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SEND: Interview with Will Schwalbe and Giveaway


SEND: Interview with Will Schwalbe and Giveaway

by Evan Orensten
on 30 August 2007

SEND, the new bible of email etiquette, was long-awaited by those of us who often feel as if we're drowning in a sea of bad jokes and cheesy chain letters. Written by Will Schwalbe (editor in chief of Hyperion Books) and David Shipley (deputy editorial page editor and Op-Ed page editor of The New York Times, the book is supported by a great site and blog, Think Before You Send

Co-author Will Schwalbe answered our many questions (over email, of course), weighing in on everything from forwarding techniques to when it's time to just pick up the phone and yell at someone.

We have three autographed and dedicated copies of SEND to give away. Here's how it will work: You send us your stories of the worst email gaffes you've received, we'll pick our favorites and publish the stories (don't worry, the identities of the senders will be protected). The winners will receive the book to award the person who sent the email. To enter, follow the contact link at the bottom of the page, select "Send Giveaway" from the pull-down menu and tell us the most egregiously bad email story you've got before Thursday, 6 September 2007 at 11:59pm EST.

You can also buy a copy from Amazon or Random House.

Due to the ease of sending email people to tend communicate a lot of unnecessary things. I think that's really the core of the book and the problem you're trying to help solve. Do you think this will get progressively worse as more and more emails are being sent, or will it help people learn?
You've hit the nail on the head. We love email. But everyone is using it too much. We think this situation will get better over time. Whenever you get a new toy—and in the history of human communication email is still a very new toy—you tend to play with it too much and use it for things it's not really meant for. The idea of the book is to spark a conversation. These are our rules about when to use email and when not to use it. But you can come up with your own—and those will be situational, varying from company to company or even person to person. The important thing is that you think about it and establish criteria. For example, we strongly believe that email isn't good for strong negative emotion. Whenever you are starting to get hot under the collar, it's time to get off email and pick up the phone or schedule a visit—or maybe even drop the matter entirely. People are using email too much (most people we know get and send upwards of 100 a day which is more than 30,000 a year) and not very well. So it simply has to get better; we don't think it can get much worse. There are only so many hours a day and many of us are spending a quarter of them on email.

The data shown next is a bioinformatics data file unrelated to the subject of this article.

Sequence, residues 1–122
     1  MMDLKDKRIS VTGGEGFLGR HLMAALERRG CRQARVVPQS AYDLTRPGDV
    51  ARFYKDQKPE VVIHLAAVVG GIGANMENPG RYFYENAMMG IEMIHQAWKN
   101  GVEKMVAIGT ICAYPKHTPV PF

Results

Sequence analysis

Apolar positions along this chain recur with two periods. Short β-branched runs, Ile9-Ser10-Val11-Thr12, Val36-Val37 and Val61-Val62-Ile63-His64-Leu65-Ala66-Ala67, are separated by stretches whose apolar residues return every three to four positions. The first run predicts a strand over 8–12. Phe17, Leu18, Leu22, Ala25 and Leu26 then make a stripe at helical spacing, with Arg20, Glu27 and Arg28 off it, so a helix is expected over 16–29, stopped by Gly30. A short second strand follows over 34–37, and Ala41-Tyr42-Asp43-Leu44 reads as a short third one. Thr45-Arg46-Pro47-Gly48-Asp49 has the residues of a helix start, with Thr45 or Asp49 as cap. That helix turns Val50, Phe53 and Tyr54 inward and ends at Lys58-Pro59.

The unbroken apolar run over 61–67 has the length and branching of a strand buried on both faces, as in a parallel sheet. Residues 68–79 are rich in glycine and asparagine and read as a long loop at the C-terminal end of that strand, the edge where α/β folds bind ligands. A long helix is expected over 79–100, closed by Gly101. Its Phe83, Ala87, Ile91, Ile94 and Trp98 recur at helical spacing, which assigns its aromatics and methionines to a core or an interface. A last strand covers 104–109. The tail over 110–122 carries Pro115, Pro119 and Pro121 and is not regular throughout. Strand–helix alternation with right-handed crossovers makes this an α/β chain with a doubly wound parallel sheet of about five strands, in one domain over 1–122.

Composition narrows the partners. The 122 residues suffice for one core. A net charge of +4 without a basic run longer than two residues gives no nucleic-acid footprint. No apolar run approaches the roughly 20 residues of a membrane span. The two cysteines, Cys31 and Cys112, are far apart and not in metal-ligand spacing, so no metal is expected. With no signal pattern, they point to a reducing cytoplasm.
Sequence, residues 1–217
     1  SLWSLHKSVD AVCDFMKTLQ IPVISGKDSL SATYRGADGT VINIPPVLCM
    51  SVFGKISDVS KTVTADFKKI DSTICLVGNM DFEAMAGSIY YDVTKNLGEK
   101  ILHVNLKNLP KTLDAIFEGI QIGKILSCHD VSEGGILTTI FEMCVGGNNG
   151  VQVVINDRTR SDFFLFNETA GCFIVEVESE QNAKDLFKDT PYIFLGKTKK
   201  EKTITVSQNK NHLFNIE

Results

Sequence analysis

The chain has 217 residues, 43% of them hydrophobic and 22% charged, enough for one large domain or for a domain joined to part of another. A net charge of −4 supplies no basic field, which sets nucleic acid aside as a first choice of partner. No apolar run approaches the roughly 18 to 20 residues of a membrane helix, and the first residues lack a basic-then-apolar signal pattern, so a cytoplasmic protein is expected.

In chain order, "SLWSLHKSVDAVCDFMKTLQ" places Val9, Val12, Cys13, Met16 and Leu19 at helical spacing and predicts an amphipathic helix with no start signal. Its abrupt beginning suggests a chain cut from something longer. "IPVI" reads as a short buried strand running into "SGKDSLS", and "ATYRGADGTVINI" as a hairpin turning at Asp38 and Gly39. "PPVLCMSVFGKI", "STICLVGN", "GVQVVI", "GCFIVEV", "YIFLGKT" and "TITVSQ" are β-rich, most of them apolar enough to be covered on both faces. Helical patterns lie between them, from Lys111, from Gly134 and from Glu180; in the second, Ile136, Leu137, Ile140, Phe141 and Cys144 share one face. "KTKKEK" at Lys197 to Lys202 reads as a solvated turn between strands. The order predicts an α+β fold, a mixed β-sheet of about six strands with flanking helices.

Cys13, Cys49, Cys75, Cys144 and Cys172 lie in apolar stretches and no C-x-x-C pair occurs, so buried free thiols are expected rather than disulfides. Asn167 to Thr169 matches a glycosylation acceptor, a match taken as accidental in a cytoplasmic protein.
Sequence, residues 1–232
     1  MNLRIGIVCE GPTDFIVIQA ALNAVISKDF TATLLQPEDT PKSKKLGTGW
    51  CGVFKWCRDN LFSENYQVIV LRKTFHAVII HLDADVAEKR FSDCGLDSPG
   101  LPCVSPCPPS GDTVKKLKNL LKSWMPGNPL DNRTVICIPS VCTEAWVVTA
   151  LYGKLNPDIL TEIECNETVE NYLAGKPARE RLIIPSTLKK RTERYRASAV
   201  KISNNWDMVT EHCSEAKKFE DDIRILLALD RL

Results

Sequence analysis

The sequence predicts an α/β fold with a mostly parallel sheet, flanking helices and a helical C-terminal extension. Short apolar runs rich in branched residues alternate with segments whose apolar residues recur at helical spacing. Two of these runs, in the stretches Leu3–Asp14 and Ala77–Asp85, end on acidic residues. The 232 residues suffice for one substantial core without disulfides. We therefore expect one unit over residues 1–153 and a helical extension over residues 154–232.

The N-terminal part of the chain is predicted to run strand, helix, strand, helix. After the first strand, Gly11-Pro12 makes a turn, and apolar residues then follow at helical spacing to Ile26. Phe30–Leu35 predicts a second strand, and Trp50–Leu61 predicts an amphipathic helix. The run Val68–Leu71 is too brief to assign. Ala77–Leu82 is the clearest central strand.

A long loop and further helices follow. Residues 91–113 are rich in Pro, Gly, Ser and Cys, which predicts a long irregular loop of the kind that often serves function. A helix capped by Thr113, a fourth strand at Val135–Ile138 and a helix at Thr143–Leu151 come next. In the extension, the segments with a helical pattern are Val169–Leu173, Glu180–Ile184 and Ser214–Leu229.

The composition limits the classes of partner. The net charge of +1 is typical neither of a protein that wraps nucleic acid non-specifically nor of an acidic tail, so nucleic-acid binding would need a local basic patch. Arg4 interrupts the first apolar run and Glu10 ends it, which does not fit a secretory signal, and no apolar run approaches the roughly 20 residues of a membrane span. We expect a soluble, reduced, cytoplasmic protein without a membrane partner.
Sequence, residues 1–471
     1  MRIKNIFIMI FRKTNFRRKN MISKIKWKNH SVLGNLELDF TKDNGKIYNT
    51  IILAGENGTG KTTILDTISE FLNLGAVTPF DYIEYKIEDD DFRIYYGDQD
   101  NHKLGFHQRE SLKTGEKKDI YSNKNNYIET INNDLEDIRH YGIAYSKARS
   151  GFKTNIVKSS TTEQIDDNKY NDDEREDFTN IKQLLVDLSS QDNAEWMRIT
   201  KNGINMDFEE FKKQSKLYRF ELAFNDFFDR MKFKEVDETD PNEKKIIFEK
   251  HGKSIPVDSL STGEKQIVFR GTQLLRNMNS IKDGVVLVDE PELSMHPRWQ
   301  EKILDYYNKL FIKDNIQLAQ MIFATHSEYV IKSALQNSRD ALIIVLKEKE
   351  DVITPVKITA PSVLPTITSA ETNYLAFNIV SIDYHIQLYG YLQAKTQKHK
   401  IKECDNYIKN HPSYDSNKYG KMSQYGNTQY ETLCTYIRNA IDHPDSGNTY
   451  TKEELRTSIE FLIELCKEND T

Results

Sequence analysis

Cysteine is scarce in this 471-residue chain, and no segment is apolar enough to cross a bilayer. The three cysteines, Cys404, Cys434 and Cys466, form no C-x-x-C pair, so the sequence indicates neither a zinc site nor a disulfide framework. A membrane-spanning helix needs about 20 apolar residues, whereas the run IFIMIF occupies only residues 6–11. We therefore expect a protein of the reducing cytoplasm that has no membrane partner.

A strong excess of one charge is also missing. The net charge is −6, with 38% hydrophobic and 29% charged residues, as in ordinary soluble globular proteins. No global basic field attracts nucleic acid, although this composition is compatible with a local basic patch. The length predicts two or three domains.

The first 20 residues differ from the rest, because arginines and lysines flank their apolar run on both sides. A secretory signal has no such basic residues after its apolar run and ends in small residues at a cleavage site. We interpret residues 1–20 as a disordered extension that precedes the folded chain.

The good news is that there's a lot in the world you can't do anything about. But this isn't one of those things. We can do this better and it's amazing the effect it has on your life when you do. One simple thing—for example, writing "No Reply Necessary" when you are just forwarding info or informing someone of something—can cut your email incoming down by 10-25%!

What are the exceptions to the SEND rule? When is it okay to send an email that isn't Simple, Effective, Necessary, or Done?
There are no exceptions to the SEND rule. None. But Simple doesn't mean arbitrarily simple. This isn't a simple reply, but I'm trying to make it as simple as I can. Effective. Ditto. It's a matter of effort. Necessary. Again, there's no objective standard. Sometimes the little "pings" we send our friends with a seemingly inessential message are the most necessary of all, because they say, "Hey, I'm thinking about you," and what could be more necessary than that? Anything that reinforces social bonds we care about is necessary. And finally Done. Well, that only applies if it's something you care that gets done. So, to use a tautology, it's only necessary when it's necessary. "Wanted you to know they are replaying that awesome Real World episode tonight—no reply necessary" is a message that doesn't need a Done mechanism. "I'm panicked that I left the stove on. Can you check and call me right back and let me know" does need a Done and has it built-in.

Do you think email and all of the digital communication is detrimental to the development of interpersonal relationships and the social skills of the generations growing up in an email world? Do you think people in the future are going to speak more like the emails we write? Or speak at all?

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